New housing incentives bring opportunities

With housing prices at an all-time high, rental vacancy rate below 3 percent, few properties on the market and interest rates stuck at 7-9 percent, everybody’s talking about the housing crisis.

But did you know that the terms for what housing can be built in Vermont have recently changed? And that major public funding is now available to homeowners to renovate existing rentals and build new housing?

To be sure, not everyone can build new residential units on their property. However, if you’re ready to take that long-delayed housing dream off the shelf, read on.

In 2023, the Vermont Legislature adopted Act 47, the Housing Opportunities Made for Everyone (HOME) Act. This ground-breaking change in state statute outlawed single-family zoning in Vermont. It mandated that all communities allow for higher-density housing in areas served by public water and sewer capacity, and it reduced on-site parking requirements. It also provides significant financial incentives to property owners to upgrade existing rental housing and to build new accessory dwelling units. While not all these changes are relevant in Charlotte today, here are two that matter now:

  • Duplexes are now a permitted use across most of town. With the exception of Thompson’s Point, the conservation district and flood-hazard zones, any residential property in town that now allows single-unit dwellings can legally have a duplex if they have adequate septic capacity to serve the total number of bedrooms. Such renovations require only a zoning permit.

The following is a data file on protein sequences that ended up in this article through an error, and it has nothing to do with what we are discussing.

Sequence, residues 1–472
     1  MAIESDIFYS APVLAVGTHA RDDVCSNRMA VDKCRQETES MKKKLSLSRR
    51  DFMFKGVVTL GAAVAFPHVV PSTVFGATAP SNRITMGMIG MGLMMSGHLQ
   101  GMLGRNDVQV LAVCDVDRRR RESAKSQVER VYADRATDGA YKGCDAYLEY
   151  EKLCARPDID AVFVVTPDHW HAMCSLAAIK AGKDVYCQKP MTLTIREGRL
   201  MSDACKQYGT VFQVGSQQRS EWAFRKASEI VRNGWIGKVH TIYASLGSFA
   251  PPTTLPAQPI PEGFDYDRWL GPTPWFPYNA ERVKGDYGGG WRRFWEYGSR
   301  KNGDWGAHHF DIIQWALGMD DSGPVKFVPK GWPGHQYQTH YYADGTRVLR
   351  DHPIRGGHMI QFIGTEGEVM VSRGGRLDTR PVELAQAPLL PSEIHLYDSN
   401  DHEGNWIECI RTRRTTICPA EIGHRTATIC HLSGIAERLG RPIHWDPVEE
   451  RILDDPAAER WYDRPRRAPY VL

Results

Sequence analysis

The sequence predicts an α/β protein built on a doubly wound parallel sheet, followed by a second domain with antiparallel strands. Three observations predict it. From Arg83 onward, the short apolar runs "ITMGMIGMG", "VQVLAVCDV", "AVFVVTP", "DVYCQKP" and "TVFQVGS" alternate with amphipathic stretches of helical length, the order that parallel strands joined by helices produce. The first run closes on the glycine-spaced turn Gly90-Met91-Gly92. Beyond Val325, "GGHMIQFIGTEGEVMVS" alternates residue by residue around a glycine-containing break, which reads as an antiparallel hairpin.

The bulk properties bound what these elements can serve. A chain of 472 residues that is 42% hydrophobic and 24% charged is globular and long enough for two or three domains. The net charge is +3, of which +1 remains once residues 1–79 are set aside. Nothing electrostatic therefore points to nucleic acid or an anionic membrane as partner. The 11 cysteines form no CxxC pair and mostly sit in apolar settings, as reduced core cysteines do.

• Accessory dwellings are now allowed across most of town: Any property with a permitted single-unit dwelling can now add an accessory dwelling unit that’s up to 1,500 square feet, with just a zoning permit, assuming adequate septic capacity, and that the house is not within one of the zoning districts listed above.

Here’s what’s new as of March 2024: The state of Vermont has rolled out the second round of grant funding to property owners to build new accessory dwelling units, and to renovate existing rental housing. The Vermont Housing Improvement Program provides individual five-year grants or 10-year forgivable loans to cover up to 80 percent of the cost for these building projects:

  • Rehabilitate existing vacant rental units
  • Repairs affecting multiple rental units, such as replacing the roof of a multi-family property
  • Develop a new accessory dwelling unit on an owner-occupied property
  • Create new units within an existing structure
  • Create a new structure with five or fewer residential units
  • Complete repairs necessary for code compliance in occupied units.

Based on the type of project, property owners are eligible to receive up to:

$30,000 per unit for rehab of efficiency, one- and two-bedroom units

$50,000 per unit for rehab of three or more bedroom units, renovations impacting multiple units, creating new units or creating accessory dwelling units.

Of course, there are some strings attached to this funding. They include:

Program match — All participants are required to provide a 20 percent match of the award. e.g., a participant who receives an award of $50,000 will be required to provide a $10,000 match.

Fair market rent — Participating property owners are required to sign a rental covenant agreeing to charge at or below HUD fair market rent for the length of the agreement (five or 10 years).

Find out more, email or call 802-810-8217. It’s also a good idea to call the planning and zoning office at 802-425-3533 ext. 2, if you have questions or to schedule an appointment to discuss your project ideas.